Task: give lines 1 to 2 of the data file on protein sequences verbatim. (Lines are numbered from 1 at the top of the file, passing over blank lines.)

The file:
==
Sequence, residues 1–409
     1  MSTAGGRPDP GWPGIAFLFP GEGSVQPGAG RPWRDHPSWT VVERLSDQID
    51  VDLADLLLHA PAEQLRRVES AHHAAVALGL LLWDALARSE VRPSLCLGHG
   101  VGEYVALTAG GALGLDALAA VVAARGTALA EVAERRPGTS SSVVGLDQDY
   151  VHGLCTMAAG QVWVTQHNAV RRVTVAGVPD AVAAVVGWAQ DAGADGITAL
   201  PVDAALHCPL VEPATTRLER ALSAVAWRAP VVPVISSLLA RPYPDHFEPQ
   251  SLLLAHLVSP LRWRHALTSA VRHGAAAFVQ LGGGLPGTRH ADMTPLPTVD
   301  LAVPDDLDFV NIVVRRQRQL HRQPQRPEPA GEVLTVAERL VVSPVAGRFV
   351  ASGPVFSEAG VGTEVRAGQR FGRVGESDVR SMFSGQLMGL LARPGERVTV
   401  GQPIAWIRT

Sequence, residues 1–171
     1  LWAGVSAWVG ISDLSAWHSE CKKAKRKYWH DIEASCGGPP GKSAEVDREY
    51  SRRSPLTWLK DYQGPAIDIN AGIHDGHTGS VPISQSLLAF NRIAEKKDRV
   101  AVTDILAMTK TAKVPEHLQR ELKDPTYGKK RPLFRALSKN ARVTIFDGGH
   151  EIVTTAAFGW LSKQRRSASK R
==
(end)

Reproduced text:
Sequence, residues 1–409
     1  MSTAGGRPDP GWPGIAFLFP GEGSVQPGAG RPWRDHPSWT VVERLSDQID